The Lifespan Research Foundation may have the answer
Forget cholesterol, the best indicator of a long life may well be the quality of a person’s relationships. And Dr. Robert Waldinger has the evidence to prove it.
Waldinger is the fourth director of the Harvard Study of Adult Development – considered one of the longest research studies of its kind in the country. Begun in the late 1930s with two separate and very distinct groups of men, it continues today with its original aim: to understand what makes for a good life.
While the findings from the multi-faceted, qualitative research are more nuanced, the dominant message from over 80 years of work is that good relationships keep us happier and healthier.
“The surprising finding was that when we wanted to predict who was going to age well, who was going to age in better health for longer, and who was going to live longer, it turned out to be the people who were most connected to other people,” he said.
In an indication of how hungry people are for wisdom in this area, Waldinger’s TEDx Talk on the subject is in the top ten most viewed talks in history. As a result of that response, Waldinger decided to start the Lifespan Research Foundation, a non-profit organization dedicated to translating the key findings in the study into a prescription for how to live a healthier and more meaningful life.
The study as we know it today is actually the interweaving of two studies whose authors were unaware of the other’s existence. The first began at the Harvard University Health Service at the urging of department store magnate W.T. Grant who was interested in understanding elements of success in business, basically what it would take to be a good department store manager. The director of the health center was able to expand the study to focus on healthy development – general physical and mental wellbeing – primarily from adolescence into adulthood.
As Waldinger said with no small touch of irony, “In America in the 1930s, if you wanted to study healthy young adult development, you picked, as your cohort, white men from Harvard.”
Out of four classes, 1939 to 1942, the Harvard deans chose a total of 268 sophomores who they thought were the soundest specimens to study. Since then, this same group of men completed questionnaires every two years, gave extensive interviews, had their family members interviewed, and their physical and mental health assessed for what was literally the rest of their lives. (A very small percentage of the men are still alive and still participating in the study well into their nineties.)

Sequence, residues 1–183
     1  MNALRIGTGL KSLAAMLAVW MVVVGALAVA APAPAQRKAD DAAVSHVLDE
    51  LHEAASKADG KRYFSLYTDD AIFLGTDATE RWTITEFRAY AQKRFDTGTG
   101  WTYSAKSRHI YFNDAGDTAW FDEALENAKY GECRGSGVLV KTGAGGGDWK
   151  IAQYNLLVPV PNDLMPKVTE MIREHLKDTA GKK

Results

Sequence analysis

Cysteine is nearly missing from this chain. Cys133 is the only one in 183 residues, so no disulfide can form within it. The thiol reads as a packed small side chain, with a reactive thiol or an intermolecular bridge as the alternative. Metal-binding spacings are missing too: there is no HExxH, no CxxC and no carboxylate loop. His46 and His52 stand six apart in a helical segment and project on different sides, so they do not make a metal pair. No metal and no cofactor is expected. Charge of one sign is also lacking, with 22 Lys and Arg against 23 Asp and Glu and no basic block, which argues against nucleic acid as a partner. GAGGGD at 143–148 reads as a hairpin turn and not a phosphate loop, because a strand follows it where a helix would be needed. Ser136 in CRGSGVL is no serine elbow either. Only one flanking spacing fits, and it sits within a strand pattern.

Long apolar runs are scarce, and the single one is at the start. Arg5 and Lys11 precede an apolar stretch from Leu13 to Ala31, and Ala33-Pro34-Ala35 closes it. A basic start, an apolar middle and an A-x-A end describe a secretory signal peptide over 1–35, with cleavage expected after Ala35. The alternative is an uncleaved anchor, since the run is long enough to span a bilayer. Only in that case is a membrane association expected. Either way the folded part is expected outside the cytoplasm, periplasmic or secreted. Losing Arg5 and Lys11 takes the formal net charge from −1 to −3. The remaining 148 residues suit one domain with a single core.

Also in the late 1930s, a Harvard law school professor, Sheldon Glueck and his wife Eleanor, a social worker, were interested in juvenile delinquency, particularly what protected boys from troubled and impoverished backgrounds from becoming delinquent. The aim of that study, which identified teenage boys who were most likely to turn out badly yet were doing well, was to understand what kept them out of trouble.
That study involved 456 non-delinquents who were not only from poor neighborhoods, but had families that, on average, were known to five social service agencies for a variety of issues, including mental illness and domestic violence.
In the early 1970s, the third director of the Harvard Study of Adult Development, George Vaillant, thought it would be interesting to bring these two studies together as contrasting groups, with their original aims broadly intact.
The larger study accelerated the traction gained by each of the individual efforts and kept it going far longer than expected.
Its longevity allowed the researchers to look beyond the transition from adolescence into young adulthood to adult development over a lifetime. In the last five years, the study has been expanded to include over 1300 of the children of these men, most in their 50s and 60s, extending the reach of the research across generations.
“Child development has been well studied for many decades but adult development has only recently been studied because we used to think when you’re 21, and you’ve found a partner and a job, you’re done,” said Waldinger. “And now, of course, we realize that adulthood is a time of tremendous growth and change.”